Samsung to Launch First Tizen Phones in Q2

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The Galaxy S5 just went on sale, but Samsung is already gearing up to debut two new smartphones that are not based on Android. The company has announced plans to launch the first handsets based on its own Tizen operating system, a platform it hopes will make up as much as 15 percent of sales.

Yoon Han-kil, senior vice president of Samsung's product strategy team, told Reuters in an interview that the first Tizen phone will be a high-end device and the second will be a mid-tier model designed to generate higher sales volumes.

MORE: Samsung Galaxy S5 vs HTC One M8

Samsung previewed the latest version of its Tizen OS at this year's Mobile World Congress in Barcelona. The software carriers over the look and feel of Samsung's TouchWiz overlay for Android devices, including the home screen widgets and notification window. So current Samsung phone owners should feel right at home.

It's no secret that Samsung wants to lessen its reliance on Google, especially since the two companies will be competing against each other in the wearables market. For instance, the new Gear 2 and Gear Neo smartwatches are powered by Tizen, even though Samsung has also announced that it will be making watches powered by Google's own Android Wear platform later this year.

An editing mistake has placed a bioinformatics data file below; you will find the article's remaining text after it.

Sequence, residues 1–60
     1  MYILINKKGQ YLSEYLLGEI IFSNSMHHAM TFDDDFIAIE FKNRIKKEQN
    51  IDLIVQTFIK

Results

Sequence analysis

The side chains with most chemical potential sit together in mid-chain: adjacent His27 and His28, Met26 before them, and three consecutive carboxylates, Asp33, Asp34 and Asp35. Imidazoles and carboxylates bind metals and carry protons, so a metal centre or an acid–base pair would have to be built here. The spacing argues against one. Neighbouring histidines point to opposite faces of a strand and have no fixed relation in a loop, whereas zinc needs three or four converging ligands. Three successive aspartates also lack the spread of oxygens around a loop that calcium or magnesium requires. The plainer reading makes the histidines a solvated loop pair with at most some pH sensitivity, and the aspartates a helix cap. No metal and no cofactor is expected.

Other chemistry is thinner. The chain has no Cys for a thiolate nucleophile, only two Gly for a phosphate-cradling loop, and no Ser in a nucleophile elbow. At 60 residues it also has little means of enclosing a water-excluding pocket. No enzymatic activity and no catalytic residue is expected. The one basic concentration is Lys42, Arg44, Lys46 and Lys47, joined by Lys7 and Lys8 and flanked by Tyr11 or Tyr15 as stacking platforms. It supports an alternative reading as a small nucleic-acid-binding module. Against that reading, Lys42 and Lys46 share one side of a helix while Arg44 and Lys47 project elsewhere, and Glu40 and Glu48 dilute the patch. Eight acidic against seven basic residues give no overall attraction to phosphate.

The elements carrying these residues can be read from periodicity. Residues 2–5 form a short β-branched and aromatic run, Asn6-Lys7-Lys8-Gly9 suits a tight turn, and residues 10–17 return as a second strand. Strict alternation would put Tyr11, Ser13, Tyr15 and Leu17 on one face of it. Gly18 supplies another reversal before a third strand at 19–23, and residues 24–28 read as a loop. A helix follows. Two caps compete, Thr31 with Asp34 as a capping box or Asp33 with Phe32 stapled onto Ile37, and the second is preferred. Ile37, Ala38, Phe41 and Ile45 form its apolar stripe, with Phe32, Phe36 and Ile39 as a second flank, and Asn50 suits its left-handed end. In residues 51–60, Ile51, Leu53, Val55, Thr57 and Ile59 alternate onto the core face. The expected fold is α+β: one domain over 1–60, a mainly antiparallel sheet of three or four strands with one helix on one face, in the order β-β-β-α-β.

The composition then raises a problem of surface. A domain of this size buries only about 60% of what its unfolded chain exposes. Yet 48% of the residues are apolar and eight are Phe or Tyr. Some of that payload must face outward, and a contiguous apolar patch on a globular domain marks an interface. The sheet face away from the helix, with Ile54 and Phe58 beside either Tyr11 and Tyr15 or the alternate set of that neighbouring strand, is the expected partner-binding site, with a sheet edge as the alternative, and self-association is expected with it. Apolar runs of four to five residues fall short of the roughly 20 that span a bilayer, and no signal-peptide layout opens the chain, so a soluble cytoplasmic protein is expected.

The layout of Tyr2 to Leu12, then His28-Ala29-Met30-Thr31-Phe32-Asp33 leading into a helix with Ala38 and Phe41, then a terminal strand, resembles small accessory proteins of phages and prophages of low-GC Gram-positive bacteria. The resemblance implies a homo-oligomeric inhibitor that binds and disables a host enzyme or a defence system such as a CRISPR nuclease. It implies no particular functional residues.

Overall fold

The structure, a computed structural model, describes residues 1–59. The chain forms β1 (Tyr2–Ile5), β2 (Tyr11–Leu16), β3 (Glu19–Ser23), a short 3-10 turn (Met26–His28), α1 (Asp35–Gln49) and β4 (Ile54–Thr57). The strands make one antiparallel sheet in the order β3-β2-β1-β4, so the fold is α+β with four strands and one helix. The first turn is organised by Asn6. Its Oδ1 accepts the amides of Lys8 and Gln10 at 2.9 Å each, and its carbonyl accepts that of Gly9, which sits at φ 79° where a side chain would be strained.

The Samsung executive also says that he wants the Gear watches to work with all Android smartphones, which would be a shift from the company's current strategy. For now, the devices sync only with Samsung's own handsets.

As for the Galaxy S5, Yoon claims it is outselling last year's Galaxy S4 at this stage, and that Samsung made a strong effort to whittle down the number of apps and features.






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Mark Spoonauer, LAPTOP Editor in Chief
Responsible for the editorial vision for Laptop Mag and Tom's Guide, Mark Spoonauer has been Editor in Chief of LAPTOP since 2003 and has covered technology for nearly 15 years. Mark speaks at key tech industry events and makes regular media appearances on CNBC, Fox and CNN. Mark was previously reviews editor at Mobile Computing, and his work has appeared in Wired, Popular Science and Inc.
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